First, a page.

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"We Tibetans are looking for a legitimate and meaningful autonomy, an arrangement that would enable Tibetans to live within the framework of the People’s Republic of China."

Eagerness for trade and respect for human rights aren't mutually exclusive

January 16, 2008

Editorial: The Montreal Gazette
9 January 2008
Vancouver Sun

Prime Minister Stephen Harper's cordial meeting with the Dalai Lama last
October left the Chinese embassy in Ottawa fizzing with irritation.

But now that David Emerson, Canada's trade minister, is in Beijing on a
five-day trade mission that will also take him to Mongolia and Hong
Kong, China's bluster seems to have melted away.

In fact, Emerson had some interesting figures to report: Canadian
exports to China are rising sharply -- by 27 per cent according to new
preliminary figures. Canada has a trade deficit with China, as does
every country: In 2006 we sold about $7.66 billion worth of goods and
services to China -- wood pulp, chemicals, nickel, ores and machinery,
mainly -- but imported four-and-a-half times as much.

Look again at that list. China isn't importing any of that for pleasure;
these are materials that China's fast-developing economy needs. A spat
with Canada over the Dalai Lama reflects the sterile politics of a
repressive one-party state, while the trade growth reveals something
quite different -- a dynamic and bustling economy. Trade, unlike the
government's rhetoric, is not fully controlled from the centre, and so
better reflects reality.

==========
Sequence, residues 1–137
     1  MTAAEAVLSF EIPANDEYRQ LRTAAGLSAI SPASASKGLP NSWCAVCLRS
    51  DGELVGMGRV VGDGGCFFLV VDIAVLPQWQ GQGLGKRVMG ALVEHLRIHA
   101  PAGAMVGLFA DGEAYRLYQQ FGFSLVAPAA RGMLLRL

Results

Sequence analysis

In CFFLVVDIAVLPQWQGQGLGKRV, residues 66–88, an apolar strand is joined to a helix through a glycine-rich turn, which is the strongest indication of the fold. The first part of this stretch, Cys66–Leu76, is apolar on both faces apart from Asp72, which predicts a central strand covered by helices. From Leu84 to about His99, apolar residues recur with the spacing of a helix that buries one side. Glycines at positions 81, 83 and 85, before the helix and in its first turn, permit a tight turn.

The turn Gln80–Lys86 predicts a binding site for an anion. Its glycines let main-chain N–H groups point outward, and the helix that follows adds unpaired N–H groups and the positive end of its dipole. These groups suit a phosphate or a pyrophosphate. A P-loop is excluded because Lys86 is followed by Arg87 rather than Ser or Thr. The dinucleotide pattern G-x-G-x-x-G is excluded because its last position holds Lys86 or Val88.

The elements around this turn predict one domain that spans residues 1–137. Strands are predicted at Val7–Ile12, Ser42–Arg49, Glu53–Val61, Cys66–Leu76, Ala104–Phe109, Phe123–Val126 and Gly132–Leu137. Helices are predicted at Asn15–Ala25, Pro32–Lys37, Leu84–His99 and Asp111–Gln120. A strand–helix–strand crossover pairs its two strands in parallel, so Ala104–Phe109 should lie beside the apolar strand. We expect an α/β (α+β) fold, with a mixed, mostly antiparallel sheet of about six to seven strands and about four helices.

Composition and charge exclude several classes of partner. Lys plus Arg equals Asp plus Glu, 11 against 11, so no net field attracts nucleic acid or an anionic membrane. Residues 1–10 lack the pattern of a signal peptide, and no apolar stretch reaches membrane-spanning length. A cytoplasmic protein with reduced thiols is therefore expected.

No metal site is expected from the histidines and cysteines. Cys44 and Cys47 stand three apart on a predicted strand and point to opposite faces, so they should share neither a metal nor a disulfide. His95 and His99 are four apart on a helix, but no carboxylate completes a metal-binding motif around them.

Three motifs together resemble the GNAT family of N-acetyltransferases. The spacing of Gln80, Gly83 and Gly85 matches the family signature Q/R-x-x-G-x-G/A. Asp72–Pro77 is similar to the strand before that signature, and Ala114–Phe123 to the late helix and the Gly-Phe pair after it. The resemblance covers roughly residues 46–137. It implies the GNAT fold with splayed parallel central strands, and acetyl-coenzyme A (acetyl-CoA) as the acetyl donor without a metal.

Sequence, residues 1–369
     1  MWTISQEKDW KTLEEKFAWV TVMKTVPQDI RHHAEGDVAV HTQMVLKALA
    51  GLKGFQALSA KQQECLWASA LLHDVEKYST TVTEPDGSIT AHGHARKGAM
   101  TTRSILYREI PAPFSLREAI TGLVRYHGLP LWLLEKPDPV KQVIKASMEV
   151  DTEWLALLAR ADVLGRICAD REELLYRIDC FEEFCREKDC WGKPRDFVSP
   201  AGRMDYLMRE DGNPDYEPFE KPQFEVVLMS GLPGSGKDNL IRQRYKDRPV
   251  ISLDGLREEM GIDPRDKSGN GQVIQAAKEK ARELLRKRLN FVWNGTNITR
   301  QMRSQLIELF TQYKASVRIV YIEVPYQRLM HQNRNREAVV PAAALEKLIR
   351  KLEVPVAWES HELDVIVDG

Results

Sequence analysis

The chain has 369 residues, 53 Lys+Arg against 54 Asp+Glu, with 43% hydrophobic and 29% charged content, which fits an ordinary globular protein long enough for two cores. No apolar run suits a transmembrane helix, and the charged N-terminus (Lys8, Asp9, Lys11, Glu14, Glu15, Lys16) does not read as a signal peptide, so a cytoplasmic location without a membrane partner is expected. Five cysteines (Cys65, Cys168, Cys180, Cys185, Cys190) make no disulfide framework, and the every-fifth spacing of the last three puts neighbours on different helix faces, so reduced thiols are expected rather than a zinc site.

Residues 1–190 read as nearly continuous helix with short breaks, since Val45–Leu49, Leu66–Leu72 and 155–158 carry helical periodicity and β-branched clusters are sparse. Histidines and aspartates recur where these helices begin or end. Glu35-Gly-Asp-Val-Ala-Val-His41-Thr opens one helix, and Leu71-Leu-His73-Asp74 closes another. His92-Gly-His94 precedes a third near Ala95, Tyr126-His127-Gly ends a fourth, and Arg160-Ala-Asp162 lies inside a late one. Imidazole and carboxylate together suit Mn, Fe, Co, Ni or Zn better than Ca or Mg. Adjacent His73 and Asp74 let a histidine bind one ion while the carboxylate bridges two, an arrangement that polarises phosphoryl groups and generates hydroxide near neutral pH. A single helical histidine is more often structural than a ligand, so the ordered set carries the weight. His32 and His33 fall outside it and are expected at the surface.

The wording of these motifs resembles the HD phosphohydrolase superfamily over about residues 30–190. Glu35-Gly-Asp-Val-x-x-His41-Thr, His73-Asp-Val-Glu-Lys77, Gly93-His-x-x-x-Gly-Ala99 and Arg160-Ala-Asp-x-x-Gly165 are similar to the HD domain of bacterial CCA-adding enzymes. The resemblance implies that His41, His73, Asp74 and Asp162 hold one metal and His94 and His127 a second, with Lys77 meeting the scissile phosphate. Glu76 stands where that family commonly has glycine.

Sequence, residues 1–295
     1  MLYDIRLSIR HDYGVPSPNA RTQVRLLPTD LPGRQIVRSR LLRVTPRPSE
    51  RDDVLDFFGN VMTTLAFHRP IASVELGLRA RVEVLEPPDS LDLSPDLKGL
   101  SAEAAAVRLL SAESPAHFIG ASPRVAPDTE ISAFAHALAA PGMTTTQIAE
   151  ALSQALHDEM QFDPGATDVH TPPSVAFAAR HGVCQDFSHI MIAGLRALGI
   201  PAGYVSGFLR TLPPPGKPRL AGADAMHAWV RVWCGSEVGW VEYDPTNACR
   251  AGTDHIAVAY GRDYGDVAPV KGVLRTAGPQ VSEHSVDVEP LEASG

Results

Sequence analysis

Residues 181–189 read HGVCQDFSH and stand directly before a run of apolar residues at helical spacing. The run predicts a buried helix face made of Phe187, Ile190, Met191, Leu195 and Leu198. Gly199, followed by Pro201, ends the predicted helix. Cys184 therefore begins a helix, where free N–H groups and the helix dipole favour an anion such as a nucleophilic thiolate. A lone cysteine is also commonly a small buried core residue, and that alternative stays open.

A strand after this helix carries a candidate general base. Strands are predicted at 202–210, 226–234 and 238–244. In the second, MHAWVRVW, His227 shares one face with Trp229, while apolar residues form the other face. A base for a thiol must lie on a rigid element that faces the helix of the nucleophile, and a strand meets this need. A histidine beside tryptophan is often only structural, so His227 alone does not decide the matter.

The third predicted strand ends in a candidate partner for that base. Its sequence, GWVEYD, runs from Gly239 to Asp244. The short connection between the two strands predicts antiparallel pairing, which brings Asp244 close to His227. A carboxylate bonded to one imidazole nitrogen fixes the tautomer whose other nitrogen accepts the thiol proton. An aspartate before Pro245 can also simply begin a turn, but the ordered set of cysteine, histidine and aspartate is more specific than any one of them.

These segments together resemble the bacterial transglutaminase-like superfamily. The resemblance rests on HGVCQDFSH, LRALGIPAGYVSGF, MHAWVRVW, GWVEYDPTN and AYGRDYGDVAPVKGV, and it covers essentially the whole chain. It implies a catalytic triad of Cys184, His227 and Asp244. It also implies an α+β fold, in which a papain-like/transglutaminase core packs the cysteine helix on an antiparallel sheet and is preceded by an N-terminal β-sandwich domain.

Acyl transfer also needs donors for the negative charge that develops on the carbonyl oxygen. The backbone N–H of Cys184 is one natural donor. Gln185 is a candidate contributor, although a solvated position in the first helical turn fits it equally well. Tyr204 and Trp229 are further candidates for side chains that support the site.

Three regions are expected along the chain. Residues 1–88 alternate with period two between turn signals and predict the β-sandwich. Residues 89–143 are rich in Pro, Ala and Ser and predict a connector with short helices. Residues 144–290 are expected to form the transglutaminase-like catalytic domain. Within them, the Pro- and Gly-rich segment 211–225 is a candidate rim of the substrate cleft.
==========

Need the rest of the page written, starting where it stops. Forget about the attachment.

Emerson says that he has heard no threats about commercial repercussions
from the Dalai Lama's visit. "I do not believe that it will
fundamentally derail the relationship."

One meeting of a working group on bilateral relations was cancelled by
China after the Dalai Lama visited, but on the other hand in Beijing
Emerson took part in the formal opening of a new commercial annex at the
Canadian embassy. Agreements on tourism and air transport remain hung
up, but they were stalled before the Dalai Lama's visit. Emerson says he
hopes for progress on those matters, too.

Meanwhile last week, Huseyin Celil, a Canadian citizen imprisoned in
China for life after a shoddy "trial" on terrorism charges in 2006, was
allowed to see his sister Meryem. Nobody can say what this means, but
it's clearly not a sign of Chinese intransigence.

China's campaign to portray the Dalai Lama as an outlaw to be kept in
political isolation has failed. Chancellor Angela Merkel of Germany and
United States President George W. Bush also met him last fall; he is
respected, even revered, around the world.

Chinese claims that the Dalai Lama is the front man for "the separatist
Tibet independence forces" was a clear signal to the government of
Canada, a place where "separatist" is a word full of meaning. But
Harper, to his credit, rejected China's claim, and declared that he
would not turn his back on human rights for the sake of the "almighty

That was posturing. The real Canadian position is, or should be, that
there is no either-or choice here. Canada can and should speak plainly
and loudly about human rights matters, but can also leave companies free
to pursue contracts.

Slowly, we believe, the Chinese government will come to see that respect
for rights and eagerness to trade do not have to be mutually exclusive.
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